Mark W. Spong
Dean, Erik Jonsson School of Engineering & Computer Science
Lars Magnus Ericsson Chair in Electrical Engineering
- 1975 B.A. Magna Cum Laude, Mathematics and Physics, Hiram College
- 1977 M.S. Mathematics, New Mexico State University
- 1979 M.S. Systems Science and Mathematics, Washington University
- 1981 D.Sc. Systems Science and Mathematics, Washington University
- University of Illinois at Urbana-Champaign
- Donald Biggar Willett Professor of Engineering
- Professor of Electrical and Computer Engineering
- Director of the Center for Autonomous Engineering Systems and Robotics
- Research Professor, Coordinated Science Lab
- Research Professor, Information Trust Institute
- 2011 Pioneer Award from the IEEE Robotics and Automation Society
- 2007 IROS Fumio Harashima Award for Innovative Technologies
- Senior Scientist Research Award from the Alexander von Humboldt Foundation
- IEEE Third Millennium Medal
- O. Hugo Schuck Award and John R. Ragazzini Award from the
American Automatic Control Council
- Distinguished Member, IEEE Control Systems Society
Objectives as Dean
“Building on a successful $240 million expansion fueled by support from the school’s constituents and friends, I am dedicated to producing significant increases in enrollment, educational offerings and research. I’m particularly committed to further expanding our relationship with industry and to increasing the tangible benefits we provide to both our industry partners and the local economy. Ultimately, though, I’m here for one simple reason: This is one of the most dynamic and promising schools of its kind anywhere in the country today.”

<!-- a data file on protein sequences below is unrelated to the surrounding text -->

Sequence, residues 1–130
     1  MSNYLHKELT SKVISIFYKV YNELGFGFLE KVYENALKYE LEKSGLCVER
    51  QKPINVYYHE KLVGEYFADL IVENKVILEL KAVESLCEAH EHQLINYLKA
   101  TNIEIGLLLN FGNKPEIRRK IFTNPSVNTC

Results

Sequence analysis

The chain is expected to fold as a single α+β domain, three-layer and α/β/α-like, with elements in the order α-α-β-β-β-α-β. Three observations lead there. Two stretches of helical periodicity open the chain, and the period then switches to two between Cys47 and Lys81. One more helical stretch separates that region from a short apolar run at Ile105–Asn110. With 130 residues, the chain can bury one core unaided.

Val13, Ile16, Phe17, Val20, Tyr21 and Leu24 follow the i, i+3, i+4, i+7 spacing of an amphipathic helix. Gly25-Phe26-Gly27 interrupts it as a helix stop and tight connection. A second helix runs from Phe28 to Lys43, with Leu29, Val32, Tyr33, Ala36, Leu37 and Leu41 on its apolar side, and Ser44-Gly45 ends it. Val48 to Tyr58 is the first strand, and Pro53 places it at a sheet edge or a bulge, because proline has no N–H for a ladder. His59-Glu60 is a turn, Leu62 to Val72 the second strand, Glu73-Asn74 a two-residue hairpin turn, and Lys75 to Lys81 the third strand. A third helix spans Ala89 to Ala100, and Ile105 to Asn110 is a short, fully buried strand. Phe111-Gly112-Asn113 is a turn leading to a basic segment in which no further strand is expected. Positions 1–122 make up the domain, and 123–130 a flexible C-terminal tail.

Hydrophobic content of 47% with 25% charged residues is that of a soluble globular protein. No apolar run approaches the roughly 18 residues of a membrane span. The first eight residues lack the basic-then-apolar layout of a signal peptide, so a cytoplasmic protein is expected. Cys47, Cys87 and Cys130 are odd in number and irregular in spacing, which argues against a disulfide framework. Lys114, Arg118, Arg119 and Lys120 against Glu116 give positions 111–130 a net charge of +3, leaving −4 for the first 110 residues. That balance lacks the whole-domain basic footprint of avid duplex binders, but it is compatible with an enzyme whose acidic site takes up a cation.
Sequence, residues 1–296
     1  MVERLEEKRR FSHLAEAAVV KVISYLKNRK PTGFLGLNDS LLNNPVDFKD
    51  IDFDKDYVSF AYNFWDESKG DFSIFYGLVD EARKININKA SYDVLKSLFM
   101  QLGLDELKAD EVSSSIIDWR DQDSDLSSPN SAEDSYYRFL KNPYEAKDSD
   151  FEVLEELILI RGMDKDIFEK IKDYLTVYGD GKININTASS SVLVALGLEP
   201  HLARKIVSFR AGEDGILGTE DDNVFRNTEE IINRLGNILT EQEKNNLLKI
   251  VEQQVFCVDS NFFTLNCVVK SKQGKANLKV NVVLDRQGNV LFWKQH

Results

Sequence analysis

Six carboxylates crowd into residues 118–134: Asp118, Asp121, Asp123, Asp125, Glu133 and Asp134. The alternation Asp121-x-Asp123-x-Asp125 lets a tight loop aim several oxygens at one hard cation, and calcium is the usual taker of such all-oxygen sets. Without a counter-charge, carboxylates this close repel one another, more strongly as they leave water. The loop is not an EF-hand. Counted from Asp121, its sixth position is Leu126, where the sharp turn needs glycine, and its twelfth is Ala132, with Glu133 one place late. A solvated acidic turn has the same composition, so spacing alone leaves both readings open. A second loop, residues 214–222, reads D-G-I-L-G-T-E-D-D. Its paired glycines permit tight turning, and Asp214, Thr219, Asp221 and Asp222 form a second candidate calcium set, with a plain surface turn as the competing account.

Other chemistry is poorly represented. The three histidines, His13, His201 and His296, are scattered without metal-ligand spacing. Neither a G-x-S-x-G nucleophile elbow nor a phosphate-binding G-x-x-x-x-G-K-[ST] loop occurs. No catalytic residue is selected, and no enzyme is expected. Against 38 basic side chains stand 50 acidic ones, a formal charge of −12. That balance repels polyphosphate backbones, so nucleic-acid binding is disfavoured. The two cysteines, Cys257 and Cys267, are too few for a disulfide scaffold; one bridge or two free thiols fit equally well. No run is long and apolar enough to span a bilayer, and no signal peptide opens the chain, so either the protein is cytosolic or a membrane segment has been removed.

Nonlinear control theory with particular emphasis on applications in robotics. Recent investigations include passivity-based control in telerobotics, synchronization and coordination of networked robotic agents, and bipedal locomotion.
Telemanipulation in Multi-Robot Networks
Addressing fundamental issues in communication, coordination and teleoperated control of multiple agents in coordinated manipulation tasks. The combination of teleoperation and manipulation along with multi-robot coordination is, in fact, one of the novel aspects of this research. While multi-agent coordination and control problems such as swarming, flocking and rendezvous have been studied by several researchers, much less work has gone into the teleoperated control of multi-robot networks, especially when the multi-robot network is expected to engage in tasks involving both manipulation and motion coordination. Manipulation tasks require haptic and force feedback, which introduce significant stability and transparency problems with respect to communication delay, packet loss and other communication effects.
Tasks such as remote construction, search and rescue, salvage operations, and telesurgery are too complex at the present time to be carried out by fully autonomous robots but may be carried out by networks of semi-autonomous robots, coordinated by human operators and providing sensory data back to the human operators.
Passivity-Based Control in Bipedal Locomotion